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Legal History, Politics, Religion

Je Suis Charlie

Justice Oliver Wendell Holmes famously wrote “…if there is any principle of the Constitution that more imperatively calls for attachment than any other, it is the principle of free thought-not free thought for those who agree with us but freedom for the thought that we hate.” United States v. Schwimmer, 279 US 644, 654-655 (1929).

Too many people make the mistake of thinking that because you protect the rights of Nazis to march through a predominantly Jewish neighborhood, or of the KKK to participate in an adopt-the-highway program that will note that notorious hate group’s involvement with a sign, or the ability of the Westboro Baptist Church to spew its venom on public streets at soldiers’ funerals, that it means you support those groups and their messages of rage, violence and division. Or that by saying Je Suis Charlie, you approve of the sophomoric, lewd expressions of anti-fundamentalism that frequently crossed the line into racism and ethnic stereotyping. But supporting the right to speak is not the same as supporting the content of that speech. It’s easy to stand up for the popular and the anodyne, the uncontroversial. If every news story, opinion piece, or political cartoon only dealt with pandas in the snow, bunny rabbits, babies and puppies, most of us would be on the same page. But what about defending the outrageous, the difficult, the crass, the puerile, the gross, the finger-in-your-eye offensive? The despicable? That’s the incredibly difficult, often distasteful mandate of believing in and defending freedom of speech and expression.

So why do it? Because knowledge and understanding are the enemies of ignorance, fear, hatred and intolerance. Totalitarians have always tried to control expression, because information and scrutiny have always been the greatest threats to their power. If we allow governments, religious ideologues, political factions or even well-meaning people motivated by a passionate and necessary dedication to social justice to decide for the rest of us what we should be allowed to write, hear and read, then everyone’s liberties are threatened. When we censor those with whom we disagree or refuse to protect the rights of those who express thoughts we find repulsive, we inadvertently find ourselves on the same side of the fence as those who wish to silence speech they find inconvenient, but that we might very well admire. Not everyone agrees on what constitutes despicable speech. There are many among us to whom the ideals of liberty, justice and equality are anathema.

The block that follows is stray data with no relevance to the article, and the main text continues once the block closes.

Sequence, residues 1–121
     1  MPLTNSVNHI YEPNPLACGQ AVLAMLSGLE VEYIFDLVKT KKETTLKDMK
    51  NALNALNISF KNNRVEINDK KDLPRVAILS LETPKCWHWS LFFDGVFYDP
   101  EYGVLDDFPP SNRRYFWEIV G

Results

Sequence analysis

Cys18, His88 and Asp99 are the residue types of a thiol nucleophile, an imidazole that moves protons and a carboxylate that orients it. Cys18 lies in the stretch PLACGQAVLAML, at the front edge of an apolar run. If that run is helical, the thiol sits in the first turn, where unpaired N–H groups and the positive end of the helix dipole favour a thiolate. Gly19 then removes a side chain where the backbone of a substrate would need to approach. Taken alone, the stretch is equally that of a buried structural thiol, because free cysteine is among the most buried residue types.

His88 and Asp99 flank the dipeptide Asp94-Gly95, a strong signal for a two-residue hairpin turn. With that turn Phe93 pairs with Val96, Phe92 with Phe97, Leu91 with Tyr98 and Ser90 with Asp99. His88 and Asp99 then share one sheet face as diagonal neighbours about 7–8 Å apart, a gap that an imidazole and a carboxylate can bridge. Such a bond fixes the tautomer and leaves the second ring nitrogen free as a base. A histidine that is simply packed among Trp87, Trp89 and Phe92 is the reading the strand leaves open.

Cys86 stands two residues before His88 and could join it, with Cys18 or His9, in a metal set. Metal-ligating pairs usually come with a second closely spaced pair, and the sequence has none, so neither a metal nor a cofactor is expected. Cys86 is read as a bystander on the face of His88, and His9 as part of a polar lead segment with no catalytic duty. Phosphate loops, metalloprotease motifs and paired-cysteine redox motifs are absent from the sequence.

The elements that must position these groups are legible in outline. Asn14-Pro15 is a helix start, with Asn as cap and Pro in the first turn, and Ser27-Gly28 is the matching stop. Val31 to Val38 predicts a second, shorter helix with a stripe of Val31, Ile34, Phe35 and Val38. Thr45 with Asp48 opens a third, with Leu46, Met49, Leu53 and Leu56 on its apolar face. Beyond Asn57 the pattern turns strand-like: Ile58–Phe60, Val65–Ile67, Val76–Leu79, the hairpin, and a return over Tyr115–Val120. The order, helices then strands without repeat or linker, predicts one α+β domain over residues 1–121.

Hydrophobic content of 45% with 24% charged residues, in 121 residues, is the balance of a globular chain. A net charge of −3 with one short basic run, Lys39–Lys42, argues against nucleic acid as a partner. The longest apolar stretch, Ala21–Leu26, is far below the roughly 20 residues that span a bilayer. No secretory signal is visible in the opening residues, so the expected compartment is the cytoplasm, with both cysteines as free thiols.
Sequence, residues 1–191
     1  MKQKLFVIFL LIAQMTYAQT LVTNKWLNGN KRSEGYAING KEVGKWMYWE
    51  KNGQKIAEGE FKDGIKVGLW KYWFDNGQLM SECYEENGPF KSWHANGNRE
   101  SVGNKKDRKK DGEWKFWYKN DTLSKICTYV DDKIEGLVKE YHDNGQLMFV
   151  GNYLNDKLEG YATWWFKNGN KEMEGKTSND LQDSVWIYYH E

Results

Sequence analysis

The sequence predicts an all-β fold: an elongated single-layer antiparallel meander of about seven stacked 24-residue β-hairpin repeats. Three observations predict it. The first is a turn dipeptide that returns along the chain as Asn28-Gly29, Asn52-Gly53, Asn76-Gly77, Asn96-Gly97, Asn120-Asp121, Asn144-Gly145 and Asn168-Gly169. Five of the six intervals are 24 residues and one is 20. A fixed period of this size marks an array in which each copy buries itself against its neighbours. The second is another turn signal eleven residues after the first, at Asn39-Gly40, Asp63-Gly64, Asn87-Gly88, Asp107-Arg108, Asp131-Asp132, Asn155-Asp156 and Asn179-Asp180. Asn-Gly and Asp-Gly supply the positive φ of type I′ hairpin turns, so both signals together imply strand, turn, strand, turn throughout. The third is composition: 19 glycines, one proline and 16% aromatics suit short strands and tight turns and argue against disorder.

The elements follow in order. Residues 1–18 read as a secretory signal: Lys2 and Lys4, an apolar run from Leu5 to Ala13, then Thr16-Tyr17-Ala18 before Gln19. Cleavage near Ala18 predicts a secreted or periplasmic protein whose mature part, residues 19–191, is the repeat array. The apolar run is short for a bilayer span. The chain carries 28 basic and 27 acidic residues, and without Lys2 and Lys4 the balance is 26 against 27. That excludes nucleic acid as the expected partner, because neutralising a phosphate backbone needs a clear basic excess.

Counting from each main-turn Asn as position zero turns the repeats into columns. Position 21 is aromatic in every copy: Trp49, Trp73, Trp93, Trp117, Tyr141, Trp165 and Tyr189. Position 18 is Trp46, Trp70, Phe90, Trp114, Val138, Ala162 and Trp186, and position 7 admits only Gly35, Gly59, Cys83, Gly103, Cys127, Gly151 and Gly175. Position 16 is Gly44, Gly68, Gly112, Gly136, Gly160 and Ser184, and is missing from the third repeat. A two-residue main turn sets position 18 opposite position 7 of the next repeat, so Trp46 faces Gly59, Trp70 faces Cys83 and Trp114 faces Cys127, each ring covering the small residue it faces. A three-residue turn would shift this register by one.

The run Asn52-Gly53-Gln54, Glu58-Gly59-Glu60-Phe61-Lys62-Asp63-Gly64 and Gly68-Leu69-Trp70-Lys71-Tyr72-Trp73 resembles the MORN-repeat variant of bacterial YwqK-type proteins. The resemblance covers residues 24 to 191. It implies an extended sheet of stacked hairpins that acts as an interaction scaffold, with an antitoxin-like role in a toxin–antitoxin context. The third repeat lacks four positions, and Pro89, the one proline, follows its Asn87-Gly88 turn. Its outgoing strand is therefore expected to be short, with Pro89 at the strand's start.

I am Charlie. Not because I like all of their drawings or views, but because I stand in solidarity against those who would dictate to the rest of us what we can write, say, publish, think, read, draw or see. It’s not always easy, but by standing up for the freedom of others to express the thought that we hate, we also fight for our own freedom to express the views we hold sacred.

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About legalfeet

I'm an essayist, commentator, lawyer and reporter with expertise in Constitutional Law, United States History, religion and public education. I cover current issues involving the First Amendment religion clauses, modern religious movements, scientific history and developments and the events in which these areas converge.

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© Robin Radner and Legalfeet, 2017. Unauthorized use and/or duplication of this material without express and written permission from this blog’s author and/or owner is strictly prohibited. Excerpts and links may be used, provided that full and clear credit is given to Robin Radner and Legalfeet with appropriate and specific direction to the original content.
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